We’ve been receiving a number of inquiries about our content creation process at Nonprofit Hub, so we thought we’d share some of our expertise. Nowadays, content—stories, pictures, graphics, even music—is at the center of nearly every organization’s marketing strategy, so it’s important that you do it right.
Nonprofit Hub’s content team is small but mighty—just a handful of writers and designers are in charge of all the content you see throughout our website and print publications. We’re able to accomplish so much with so little because of the creative process we’ve put in place. Here’s how we do it.
The brainstorming process is the most important stage of creating great content. During it, it’s important to bring up any and all ideas that come to mind. That way, you can get the bad ones out early and bounce ideas off of other ideas. Make sure you’re writing down your ideas and saving them in a common place, too. You should always have an extensive bank of topics to pull from before you start creating. If you’re struggling to come up with ideas, the internet is always there for you!
If you’ve ever taken a creative writing course, you’ve probably heard the same piece of advice on repeat: “Write what you know.” And what they mean by that is to tell stories that you’re familiar with; have a personal understanding of the characters, the setting, the plot. We approach writing nonprofit content the same way. If you’re writing an article about fundraising strategy, you’d better know a thing or two about fundraising strategy. And if you don’t, you need to do your research.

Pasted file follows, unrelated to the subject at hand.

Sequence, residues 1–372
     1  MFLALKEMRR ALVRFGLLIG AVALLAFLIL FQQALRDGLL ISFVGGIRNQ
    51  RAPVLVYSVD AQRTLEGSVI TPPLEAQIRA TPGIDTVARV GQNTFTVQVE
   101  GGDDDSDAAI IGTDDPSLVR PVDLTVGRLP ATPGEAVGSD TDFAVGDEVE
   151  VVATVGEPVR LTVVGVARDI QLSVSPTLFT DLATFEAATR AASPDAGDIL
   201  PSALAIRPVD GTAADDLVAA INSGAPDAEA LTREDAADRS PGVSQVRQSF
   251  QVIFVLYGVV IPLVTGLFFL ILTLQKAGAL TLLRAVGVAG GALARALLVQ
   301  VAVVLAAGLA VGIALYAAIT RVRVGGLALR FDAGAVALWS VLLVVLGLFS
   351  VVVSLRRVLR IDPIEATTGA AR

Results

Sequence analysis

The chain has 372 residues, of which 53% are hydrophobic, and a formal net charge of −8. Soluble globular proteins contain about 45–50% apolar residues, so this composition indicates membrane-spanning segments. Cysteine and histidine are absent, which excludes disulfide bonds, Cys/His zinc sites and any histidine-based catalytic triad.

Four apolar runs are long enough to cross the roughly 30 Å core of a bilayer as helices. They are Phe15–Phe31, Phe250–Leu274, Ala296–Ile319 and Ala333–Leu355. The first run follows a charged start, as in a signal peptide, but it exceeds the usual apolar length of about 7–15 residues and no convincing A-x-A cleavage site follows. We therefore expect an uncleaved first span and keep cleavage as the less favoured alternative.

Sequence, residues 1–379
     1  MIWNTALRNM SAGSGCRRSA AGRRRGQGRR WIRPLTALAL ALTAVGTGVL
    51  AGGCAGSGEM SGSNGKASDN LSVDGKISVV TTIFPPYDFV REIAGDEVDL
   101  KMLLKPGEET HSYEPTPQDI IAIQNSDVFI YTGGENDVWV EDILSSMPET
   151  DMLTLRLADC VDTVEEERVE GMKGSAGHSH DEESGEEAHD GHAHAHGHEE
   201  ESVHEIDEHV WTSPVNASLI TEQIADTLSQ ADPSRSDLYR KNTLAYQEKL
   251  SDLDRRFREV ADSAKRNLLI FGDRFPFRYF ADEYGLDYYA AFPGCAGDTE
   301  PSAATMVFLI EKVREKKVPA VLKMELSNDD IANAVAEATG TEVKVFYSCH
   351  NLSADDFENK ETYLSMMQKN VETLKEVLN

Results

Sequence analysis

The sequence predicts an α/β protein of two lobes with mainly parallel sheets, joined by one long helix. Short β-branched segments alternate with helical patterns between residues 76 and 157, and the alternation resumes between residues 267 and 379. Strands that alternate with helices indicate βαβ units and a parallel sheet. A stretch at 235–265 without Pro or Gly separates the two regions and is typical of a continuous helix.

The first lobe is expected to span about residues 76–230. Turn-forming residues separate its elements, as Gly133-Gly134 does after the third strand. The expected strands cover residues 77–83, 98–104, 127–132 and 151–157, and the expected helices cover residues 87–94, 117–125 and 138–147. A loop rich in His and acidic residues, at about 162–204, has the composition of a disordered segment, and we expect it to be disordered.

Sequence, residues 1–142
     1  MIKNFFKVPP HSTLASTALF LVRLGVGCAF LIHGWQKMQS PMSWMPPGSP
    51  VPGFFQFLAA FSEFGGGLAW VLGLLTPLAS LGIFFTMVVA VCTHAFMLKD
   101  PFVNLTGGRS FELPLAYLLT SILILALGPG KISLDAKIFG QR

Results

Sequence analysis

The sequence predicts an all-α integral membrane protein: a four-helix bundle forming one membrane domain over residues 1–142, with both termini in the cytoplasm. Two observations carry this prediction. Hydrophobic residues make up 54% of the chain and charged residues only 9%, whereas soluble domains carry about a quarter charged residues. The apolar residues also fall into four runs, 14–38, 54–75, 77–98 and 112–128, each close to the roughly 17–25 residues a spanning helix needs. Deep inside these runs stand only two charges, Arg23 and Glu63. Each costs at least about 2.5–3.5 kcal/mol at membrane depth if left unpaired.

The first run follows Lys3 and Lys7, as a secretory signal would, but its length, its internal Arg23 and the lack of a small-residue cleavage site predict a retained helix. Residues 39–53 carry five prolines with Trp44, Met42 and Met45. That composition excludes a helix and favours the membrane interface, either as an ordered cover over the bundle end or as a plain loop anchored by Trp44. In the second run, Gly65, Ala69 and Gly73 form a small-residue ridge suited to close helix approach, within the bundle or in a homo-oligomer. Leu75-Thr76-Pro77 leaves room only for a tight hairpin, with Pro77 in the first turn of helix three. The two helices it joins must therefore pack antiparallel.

Along the same vein, we make sure our writers and designers are enjoying what they’re doing. If you’re annoyed, frustrated or downright bored with a project, it will show. So before you even start creating, make sure it’s something you’re going to enjoy. If you find yourself unsatisfied with what you’re doing halfway through, scrap it—trust me.
If you’re a regular consumer of Nonprofit Hub’s content, you’ve probably noticed that we repurpose a lot of our stuff. That is, when we write a magazine article, we make minor adjustments and create a blog post out of it. And there’s no reason why a blog post can’t also serve as the basis for a podcast episode or webinar presentation. The point is: no single piece of content should have a singular purpose. Get the most out of content ideas by changing their size, shape and scope. Not everybody consumes content the same way, so make yours available to all types of consumers.